Chancellor Rishi Sunak announced the latest budget today in Parliament. He said that: “The Budget lays the foundations for a strong recovery and greener economy, levelling up the country and spreading prosperity across every part of the UK.”
However, there is practically nothing in the budget for biodiversity.
There is investment in unproven technology to reduce carbon emissions in the future, but no mention of the proven answer to the climate emergency through restoring nature. Yes, we need a mix of solutions to the climate emergency, but habitat restoration and creation (nature-based solutions) should be central to this.
Nature-based solutions provide an opportunity to address many issues that have become more prominent during the COVID-19 pandemic, such as job creation and human health and well-being.
Given the recent publication of the Dasgupta Review, which makes plain the need for healthy and functional natural systems to underpin our society and economy, it is even more surprising that biodiversity is not addressed in the budget.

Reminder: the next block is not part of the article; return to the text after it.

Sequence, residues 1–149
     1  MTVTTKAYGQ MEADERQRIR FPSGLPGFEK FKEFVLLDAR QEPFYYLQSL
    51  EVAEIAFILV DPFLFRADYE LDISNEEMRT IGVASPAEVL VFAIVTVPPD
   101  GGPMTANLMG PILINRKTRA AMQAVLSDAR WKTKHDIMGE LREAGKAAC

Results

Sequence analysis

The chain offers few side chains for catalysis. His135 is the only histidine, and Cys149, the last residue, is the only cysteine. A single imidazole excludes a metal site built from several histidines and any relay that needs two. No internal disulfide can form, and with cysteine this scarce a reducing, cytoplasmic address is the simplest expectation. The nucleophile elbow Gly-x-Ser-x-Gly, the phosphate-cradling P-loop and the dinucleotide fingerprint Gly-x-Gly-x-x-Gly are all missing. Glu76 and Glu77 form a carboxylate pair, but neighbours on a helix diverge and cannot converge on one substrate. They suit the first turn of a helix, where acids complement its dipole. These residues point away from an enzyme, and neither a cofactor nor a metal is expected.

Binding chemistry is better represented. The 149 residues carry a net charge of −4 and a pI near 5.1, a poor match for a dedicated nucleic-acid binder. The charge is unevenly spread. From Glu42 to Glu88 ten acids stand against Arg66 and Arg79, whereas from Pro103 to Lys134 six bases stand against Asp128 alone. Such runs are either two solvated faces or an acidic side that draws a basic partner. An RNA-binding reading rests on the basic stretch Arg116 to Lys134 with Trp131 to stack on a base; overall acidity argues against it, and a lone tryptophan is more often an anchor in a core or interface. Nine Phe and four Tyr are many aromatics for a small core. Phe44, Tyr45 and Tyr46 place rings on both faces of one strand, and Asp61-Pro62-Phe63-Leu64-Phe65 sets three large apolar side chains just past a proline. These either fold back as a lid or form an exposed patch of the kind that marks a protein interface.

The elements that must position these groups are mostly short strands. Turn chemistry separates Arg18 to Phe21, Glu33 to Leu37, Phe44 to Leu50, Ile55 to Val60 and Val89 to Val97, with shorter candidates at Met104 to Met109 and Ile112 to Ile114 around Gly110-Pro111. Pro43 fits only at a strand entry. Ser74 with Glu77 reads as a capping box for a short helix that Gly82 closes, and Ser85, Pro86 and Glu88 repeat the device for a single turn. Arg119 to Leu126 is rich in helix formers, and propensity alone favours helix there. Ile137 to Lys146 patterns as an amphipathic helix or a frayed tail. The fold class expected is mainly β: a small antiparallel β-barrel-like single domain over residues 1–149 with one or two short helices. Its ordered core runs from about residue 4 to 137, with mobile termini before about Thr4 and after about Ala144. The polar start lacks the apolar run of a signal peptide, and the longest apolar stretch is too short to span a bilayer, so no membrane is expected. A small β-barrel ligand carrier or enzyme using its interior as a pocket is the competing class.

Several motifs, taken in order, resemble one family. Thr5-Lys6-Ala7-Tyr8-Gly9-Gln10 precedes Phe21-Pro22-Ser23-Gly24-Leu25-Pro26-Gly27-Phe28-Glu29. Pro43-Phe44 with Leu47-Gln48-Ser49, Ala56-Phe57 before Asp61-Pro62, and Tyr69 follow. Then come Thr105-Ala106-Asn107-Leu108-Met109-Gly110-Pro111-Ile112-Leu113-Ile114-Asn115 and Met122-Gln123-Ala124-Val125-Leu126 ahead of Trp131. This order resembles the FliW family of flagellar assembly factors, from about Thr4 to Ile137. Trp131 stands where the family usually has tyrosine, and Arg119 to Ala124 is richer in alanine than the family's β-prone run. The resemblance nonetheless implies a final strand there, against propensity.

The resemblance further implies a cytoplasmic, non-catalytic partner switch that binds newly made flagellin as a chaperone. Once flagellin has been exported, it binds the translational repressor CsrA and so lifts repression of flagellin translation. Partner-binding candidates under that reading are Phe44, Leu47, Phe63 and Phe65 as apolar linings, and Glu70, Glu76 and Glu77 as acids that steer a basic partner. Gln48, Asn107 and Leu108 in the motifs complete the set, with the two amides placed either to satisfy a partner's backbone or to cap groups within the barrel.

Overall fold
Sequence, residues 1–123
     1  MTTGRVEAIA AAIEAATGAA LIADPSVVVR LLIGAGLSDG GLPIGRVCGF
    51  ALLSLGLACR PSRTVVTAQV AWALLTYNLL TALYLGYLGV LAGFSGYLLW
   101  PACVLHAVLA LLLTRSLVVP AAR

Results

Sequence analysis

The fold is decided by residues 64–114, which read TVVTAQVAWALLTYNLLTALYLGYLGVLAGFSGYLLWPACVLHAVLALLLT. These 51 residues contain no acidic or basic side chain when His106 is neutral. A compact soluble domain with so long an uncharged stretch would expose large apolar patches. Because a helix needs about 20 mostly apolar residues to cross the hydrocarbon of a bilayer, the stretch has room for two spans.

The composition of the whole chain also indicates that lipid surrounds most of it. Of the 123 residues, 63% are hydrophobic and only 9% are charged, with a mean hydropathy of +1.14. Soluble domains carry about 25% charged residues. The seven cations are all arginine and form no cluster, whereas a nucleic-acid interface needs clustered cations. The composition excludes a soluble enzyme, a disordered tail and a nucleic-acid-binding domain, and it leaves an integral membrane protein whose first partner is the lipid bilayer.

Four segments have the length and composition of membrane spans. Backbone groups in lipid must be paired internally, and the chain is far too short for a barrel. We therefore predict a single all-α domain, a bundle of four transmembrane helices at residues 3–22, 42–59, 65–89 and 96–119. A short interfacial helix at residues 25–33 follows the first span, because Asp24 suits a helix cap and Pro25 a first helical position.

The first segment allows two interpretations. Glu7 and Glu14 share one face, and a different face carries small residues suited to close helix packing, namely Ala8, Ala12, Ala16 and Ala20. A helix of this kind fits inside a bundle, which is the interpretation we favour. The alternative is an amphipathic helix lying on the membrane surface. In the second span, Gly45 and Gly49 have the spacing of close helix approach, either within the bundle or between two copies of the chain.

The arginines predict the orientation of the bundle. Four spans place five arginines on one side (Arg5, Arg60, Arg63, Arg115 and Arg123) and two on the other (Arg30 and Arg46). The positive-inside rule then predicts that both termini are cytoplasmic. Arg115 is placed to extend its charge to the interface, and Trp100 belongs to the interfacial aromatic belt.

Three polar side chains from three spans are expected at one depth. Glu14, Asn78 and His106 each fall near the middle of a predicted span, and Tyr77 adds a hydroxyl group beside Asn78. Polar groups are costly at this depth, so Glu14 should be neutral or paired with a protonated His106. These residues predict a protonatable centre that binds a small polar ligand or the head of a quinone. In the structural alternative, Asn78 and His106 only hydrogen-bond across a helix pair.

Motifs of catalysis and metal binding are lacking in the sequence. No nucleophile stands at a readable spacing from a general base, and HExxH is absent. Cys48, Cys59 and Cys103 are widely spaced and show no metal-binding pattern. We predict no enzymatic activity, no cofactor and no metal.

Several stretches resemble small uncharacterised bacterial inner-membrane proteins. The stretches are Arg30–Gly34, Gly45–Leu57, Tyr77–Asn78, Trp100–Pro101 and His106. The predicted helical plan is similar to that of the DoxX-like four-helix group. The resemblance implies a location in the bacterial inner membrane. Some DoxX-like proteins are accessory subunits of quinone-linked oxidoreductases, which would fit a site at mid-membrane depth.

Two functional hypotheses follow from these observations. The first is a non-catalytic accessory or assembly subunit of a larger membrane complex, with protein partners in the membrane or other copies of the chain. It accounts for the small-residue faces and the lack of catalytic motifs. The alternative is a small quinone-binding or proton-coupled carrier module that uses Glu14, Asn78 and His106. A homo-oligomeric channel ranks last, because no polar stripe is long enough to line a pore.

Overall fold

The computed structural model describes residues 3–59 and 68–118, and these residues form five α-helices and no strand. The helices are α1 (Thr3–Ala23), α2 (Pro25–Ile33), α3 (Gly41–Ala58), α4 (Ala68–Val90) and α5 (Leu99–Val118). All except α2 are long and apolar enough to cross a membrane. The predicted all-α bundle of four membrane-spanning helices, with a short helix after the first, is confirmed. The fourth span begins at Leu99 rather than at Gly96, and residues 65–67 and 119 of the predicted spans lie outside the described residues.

The Dasgupta Review is mentioned in the supplemental Build Back Better document, but it focuses mainly on international rather than domestic action. Biodiversity Net Gain and Local Nature Recovery Strategies get a mention but no extra funding.
The major emphasis on development and infrastructure in the budget also misses out on an opportunity to ensure that biodiversity expertise is available now and in future generations to facilitate the delivery of sustainable development and infrastructure that works with nature.
For those interested in natured-based solutions, our virtual Irish Conference on 20-21 April is on Nature Based Solutions: Opportunities in a time of biodiversity crisis and climate emergency.